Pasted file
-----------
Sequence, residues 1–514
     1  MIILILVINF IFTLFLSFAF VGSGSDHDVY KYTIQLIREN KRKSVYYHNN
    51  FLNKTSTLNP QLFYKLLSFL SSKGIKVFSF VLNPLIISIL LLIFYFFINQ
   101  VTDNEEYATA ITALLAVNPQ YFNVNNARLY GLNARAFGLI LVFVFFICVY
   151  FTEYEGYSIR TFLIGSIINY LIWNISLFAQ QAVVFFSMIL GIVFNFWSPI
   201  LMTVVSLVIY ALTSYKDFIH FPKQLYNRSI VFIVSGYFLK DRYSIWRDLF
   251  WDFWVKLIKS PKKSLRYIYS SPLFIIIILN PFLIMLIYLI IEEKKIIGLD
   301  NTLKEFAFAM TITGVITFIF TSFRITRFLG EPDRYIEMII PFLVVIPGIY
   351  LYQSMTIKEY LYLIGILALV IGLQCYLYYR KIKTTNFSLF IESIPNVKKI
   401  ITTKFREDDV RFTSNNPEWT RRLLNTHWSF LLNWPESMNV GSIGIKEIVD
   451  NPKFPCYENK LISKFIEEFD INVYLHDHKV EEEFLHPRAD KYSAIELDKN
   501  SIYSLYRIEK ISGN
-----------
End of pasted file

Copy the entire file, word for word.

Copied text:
Sequence, residues 1–514
     1  MIILILVINF IFTLFLSFAF VGSGSDHDVY KYTIQLIREN KRKSVYYHNN
    51  FLNKTSTLNP QLFYKLLSFL SSKGIKVFSF VLNPLIISIL LLIFYFFINQ
   101  VTDNEEYATA ITALLAVNPQ YFNVNNARLY GLNARAFGLI LVFVFFICVY
   151  FTEYEGYSIR TFLIGSIINY LIWNISLFAQ QAVVFFSMIL GIVFNFWSPI
   201  LMTVVSLVIY ALTSYKDFIH FPKQLYNRSI VFIVSGYFLK DRYSIWRDLF
   251  WDFWVKLIKS PKKSLRYIYS SPLFIIIILN PFLIMLIYLI IEEKKIIGLD
   301  NTLKEFAFAM TITGVITFIF TSFRITRFLG EPDRYIEMII PFLVVIPGIY
   351  LYQSMTIKEY LYLIGILALV IGLQCYLYYR KIKTTNFSLF IESIPNVKKI
   401  ITTKFREDDV RFTSNNPEWT RRLLNTHWSF LLNWPESMNV GSIGIKEIVD
   451  NPKFPCYENK LISKFIEEFD INVYLHDHKV EEEFLHPRAD KYSAIELDKN
   501  SIYSLYRIEK ISGN